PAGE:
Football Kit Man Sentenced for Making Fake One Direction Shirts

Football Kit Man Sentenced for Making Fake One Direction Shirts

A football kit man ran a lucrative sideline flogging thousands of fake One Direction  hoodies and T-shirts online.

Gary Simpson churned out the bogus boy band gear from the clubhouse at  Moorside Rangers, using the equipment intended for printing names and numbers on  strips.

Simpson, 55, had no licence to use the pop stars’ branding, the Manchester Evening News reports but fans snapped up £16.99 items bearing crude copies of logos belonging to  the teen idols as well as Justin Bieber, JLS, The Wanted, Olly Murs and  Westlife.

Simpson was spared jail after admitting eleven trademark offences over two  years.

The court heard he was a ‘decent’ man who turned to counterfeiting as his  legitimate workwear business faltered, with debts piling up.

He was caught red-handed after a representative of the firm which owns JLS’  copyright made a test purchase from Simpson’s eBay page, and found the hoodie he  received was counterfeit and poor quality.

Salford trading standards started an investigation, leading to a raid in  February on his home in Walkden, Salford and his warehouse in nearby  Worsley.

During the search, Simpson admitted he printed the fakes at the football  club’s ground in Swinton.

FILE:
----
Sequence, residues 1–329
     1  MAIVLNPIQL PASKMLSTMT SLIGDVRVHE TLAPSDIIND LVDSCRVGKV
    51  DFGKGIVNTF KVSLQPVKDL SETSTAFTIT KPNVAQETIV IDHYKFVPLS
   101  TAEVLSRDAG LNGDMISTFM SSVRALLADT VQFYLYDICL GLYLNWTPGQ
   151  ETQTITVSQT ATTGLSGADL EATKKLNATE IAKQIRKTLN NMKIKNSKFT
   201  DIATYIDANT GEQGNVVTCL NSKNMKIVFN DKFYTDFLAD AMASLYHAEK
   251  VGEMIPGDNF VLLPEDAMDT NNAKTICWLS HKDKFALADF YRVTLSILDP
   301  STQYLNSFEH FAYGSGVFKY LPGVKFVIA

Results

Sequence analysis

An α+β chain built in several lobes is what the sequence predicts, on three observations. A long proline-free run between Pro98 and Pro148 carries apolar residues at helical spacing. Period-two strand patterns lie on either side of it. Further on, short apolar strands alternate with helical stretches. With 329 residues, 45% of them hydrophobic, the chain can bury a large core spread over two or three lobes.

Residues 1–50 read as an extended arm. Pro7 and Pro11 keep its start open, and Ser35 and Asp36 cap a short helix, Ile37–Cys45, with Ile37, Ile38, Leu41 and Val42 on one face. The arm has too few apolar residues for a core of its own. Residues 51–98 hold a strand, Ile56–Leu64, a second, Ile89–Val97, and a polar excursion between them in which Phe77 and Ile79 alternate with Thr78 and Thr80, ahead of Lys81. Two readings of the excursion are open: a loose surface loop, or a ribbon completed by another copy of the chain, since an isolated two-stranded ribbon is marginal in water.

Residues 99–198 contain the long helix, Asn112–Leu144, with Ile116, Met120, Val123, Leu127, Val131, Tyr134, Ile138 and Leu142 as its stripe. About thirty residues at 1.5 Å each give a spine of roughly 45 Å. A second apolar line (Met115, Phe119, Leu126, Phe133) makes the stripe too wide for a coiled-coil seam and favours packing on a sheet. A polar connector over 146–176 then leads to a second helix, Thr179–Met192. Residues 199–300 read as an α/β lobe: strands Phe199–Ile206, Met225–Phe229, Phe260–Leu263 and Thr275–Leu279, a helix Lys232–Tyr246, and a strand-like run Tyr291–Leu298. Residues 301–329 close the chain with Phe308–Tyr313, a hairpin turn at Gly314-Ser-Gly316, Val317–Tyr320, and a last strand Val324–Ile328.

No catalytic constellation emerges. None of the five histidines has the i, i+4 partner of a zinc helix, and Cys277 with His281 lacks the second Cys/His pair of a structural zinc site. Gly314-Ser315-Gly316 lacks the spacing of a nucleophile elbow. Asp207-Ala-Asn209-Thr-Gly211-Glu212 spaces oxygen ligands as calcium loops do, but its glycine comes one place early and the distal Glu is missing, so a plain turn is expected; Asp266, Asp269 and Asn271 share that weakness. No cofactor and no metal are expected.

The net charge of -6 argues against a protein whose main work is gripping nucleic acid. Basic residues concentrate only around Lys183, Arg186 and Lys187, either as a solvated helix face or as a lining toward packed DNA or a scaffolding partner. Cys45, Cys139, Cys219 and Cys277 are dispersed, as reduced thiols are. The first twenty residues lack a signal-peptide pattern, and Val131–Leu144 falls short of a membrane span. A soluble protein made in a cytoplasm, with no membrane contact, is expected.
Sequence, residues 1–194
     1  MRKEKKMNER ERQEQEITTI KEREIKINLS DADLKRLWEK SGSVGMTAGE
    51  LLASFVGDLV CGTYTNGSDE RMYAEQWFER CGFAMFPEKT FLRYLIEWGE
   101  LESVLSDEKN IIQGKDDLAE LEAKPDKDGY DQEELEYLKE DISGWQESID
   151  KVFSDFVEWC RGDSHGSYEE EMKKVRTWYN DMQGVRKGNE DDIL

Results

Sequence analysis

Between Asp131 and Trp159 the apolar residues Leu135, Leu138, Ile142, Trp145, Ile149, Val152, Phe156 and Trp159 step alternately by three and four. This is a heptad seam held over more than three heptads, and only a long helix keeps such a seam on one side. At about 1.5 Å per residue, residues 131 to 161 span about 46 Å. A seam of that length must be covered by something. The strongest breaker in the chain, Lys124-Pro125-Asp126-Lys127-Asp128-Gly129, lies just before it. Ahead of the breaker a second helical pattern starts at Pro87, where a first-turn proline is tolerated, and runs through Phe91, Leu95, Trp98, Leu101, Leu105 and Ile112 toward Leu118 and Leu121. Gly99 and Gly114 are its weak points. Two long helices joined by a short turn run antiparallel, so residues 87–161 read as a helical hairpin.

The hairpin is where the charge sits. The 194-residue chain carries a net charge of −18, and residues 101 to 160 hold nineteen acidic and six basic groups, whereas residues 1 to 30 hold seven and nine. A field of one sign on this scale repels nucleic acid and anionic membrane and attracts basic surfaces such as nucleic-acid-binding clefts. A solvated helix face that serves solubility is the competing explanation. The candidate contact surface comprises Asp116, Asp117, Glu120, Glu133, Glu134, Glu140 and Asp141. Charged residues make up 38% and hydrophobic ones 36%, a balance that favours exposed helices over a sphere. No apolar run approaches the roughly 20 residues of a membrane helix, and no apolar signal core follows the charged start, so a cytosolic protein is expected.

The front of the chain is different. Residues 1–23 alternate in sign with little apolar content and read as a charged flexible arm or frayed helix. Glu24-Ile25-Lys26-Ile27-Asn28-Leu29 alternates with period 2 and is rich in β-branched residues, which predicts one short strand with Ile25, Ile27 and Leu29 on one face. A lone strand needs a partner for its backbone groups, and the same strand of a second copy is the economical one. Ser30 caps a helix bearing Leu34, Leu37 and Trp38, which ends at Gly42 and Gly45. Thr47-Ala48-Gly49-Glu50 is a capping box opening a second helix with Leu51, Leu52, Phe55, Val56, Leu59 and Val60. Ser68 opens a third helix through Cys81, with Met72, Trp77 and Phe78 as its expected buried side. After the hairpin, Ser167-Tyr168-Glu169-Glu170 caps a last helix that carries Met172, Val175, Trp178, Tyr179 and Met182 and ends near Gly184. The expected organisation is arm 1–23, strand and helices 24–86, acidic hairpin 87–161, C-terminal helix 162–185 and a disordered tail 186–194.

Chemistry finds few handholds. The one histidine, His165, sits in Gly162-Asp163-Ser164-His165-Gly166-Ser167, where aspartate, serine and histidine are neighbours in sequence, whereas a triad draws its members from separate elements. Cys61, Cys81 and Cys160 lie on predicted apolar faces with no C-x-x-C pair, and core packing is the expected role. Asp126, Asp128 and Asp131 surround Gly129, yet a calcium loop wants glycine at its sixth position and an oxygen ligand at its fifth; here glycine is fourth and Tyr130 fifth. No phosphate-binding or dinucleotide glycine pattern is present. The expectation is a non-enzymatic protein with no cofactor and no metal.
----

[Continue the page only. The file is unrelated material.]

Nicholas Courtney, prosecuting, said: “He would find the relevant logos on  the internet, download them, and send them to cutting machine at the football  club.

“The counterfeit goods part of the business had been extremely busy – £15,000  in the three months prior to Christmas.

“It seems clear, on any basis, the defendant was doing a substantial trade,  with profit measured in the tens of thousands.”

Neil Usher, defending, said: “At the time, he had no idea how serious his  activities were. He foolishly assumed because others were selling them on eBay  there was nothing wrong with it.”

Sentencing him to a 16-month jail sentence, suspended for two years, and 100  hours community work, Judge Lesley Newton said she took into account Simpson’s  ‘significant contribution’ to the football club, cooperation with the  investigation, and ‘genuine remorse’.

She added if he were jailed, his creditors would go unpaid and his family  would ‘suffer severely’.